5 Surprising Truths about Physical Therapy Direct Access

Ah, direct access: One of the of the most powerful—and simultaneously, most perplexing—legal concepts in the physical therapy field. There’s a lot of misinformation floating around on this topic, and teasing out the truth isn’t always easy. So, I thought I’d take this opportunity to put some of those rumors to rest by sharing five direct access truths that you may find surprising:

1. It’s not just for outpatient private practices.

You might not think of an acute care setting as a place where patients would seek out physical therapy services directly. But, more and more large hospital and health systems are starting to provide direct patient access to physical therapists. In fact, this practice is actually pretty common outside of the US—and based on the results other countries have seen, I’d say it’s high-time we pushed for this trend to catch on here at home. According to this resource, a London-based hospital that added staff PTs to its walk-in center experienced a massive uptick in patient satisfaction, with 90% of patients indicating they were likely to return to the center in the future rather than going elsewhere to receive care.

And here in the US, smaller, resource-strapped hospital organizations are beginning to experiment with this model as well. Case in point: Frances Mahon Deaconess Hospital—located in the small northeastern Montana town of Glasgow—recently implemented a policy allowing patients to “self-refer themselves to physical therapy services, therefore bypassing the need for an extra physician appointment.” In its official news announcement, the hospital explained that the new model is not only “easier for the patient, but research suggests that in appropriate cases, allowing direct access to physical therapy can lower healthcare costs, reduce requirements for diagnostics imaging, and provide more expeditious resolution of the patient’s symptoms.”

2. Many insurances will reimburse for physical therapy services without a referral.

Even when the law allows for direct access, many practitioners are reluctant to treat patients with traditional third-party insurances. Why? Because providers assume insurers won’t pay for services rendered without a physician referral. But, you know what they say happens when you assume.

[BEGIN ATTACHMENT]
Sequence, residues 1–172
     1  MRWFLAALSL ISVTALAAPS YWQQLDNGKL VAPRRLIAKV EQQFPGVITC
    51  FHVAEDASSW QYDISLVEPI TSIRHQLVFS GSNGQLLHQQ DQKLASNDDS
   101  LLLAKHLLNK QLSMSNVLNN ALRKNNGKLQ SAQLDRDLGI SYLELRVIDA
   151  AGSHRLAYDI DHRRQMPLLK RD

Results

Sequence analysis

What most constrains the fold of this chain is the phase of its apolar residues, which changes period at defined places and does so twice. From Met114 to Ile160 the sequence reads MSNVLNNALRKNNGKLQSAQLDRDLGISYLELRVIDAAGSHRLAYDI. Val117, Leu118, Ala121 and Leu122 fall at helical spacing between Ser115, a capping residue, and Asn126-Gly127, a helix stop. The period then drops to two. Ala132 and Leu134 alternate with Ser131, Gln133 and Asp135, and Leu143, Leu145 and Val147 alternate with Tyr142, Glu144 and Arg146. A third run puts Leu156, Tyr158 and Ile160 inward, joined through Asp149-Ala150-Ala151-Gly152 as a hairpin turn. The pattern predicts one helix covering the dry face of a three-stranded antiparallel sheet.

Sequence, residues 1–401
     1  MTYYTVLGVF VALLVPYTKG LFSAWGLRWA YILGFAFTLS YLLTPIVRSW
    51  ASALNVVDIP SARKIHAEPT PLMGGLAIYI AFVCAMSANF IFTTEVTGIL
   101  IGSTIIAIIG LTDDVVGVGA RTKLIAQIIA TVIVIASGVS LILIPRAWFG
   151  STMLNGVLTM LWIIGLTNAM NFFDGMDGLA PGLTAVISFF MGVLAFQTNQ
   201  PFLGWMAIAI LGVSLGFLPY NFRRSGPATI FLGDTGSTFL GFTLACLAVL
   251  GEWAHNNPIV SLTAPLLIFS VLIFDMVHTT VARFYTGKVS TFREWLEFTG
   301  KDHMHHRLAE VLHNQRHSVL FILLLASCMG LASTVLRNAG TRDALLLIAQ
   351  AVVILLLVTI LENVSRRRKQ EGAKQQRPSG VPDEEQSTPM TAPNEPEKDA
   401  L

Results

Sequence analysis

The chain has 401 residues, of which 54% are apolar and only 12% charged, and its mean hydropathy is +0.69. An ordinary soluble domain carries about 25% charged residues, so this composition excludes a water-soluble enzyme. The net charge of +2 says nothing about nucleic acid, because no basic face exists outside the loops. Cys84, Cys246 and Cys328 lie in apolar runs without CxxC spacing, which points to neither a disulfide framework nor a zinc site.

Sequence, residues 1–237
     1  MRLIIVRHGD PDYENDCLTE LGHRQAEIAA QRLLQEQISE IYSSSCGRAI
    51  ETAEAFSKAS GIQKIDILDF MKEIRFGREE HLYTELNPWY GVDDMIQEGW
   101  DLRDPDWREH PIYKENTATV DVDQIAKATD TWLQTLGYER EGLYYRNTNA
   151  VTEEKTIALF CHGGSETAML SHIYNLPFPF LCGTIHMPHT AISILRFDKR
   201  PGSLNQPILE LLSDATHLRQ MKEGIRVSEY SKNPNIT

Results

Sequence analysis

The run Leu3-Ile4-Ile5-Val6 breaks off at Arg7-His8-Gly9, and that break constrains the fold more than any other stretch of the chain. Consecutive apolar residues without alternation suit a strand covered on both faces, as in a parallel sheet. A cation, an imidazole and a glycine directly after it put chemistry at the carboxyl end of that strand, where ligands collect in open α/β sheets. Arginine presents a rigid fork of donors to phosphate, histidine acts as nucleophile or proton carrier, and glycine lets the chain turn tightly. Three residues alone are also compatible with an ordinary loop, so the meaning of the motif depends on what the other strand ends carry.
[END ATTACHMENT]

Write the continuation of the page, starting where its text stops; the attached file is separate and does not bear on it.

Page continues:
In reality, many insurance carriers don’t have a referral requirement—although some still do. The moral of the story? Regardless of whether or not a patient came to you via direct access, it is always a best practice to verify the patient’s insurance details. And actually, thanks to the growing popularity of high-deductible health plans (HDHPs), patients are footing a greater portion of the bill for all types of care—not just physical therapy. So, I’d recommend not only performing a benefits check on each patient, but also getting an idea of what that patient’s out-of-pocket cost will be. Then, clearly inform the patient of his or her upfront financial responsibility before you begin treatment. This will prevent the patient from getting a surprise bill in the mail several weeks or months later—something that could turn them off from physical therapy for good.

3. There’s a huge untapped demand for direct access physical therapy services.

If you’re part of the camp that thinks marketing to direct access patients isn’t worth the trouble, think again. While it’s true that the current pool of direct access patients is relatively small, it’s important to step back and look at the larger (read: longer-term) picture. As I’ve expressed before, “Of all patients with neuromusculoskeletal issues, only about 8% seek out rehab therapy.” That means 92% of the patients who could benefit from physical therapy treatment fail to obtain it.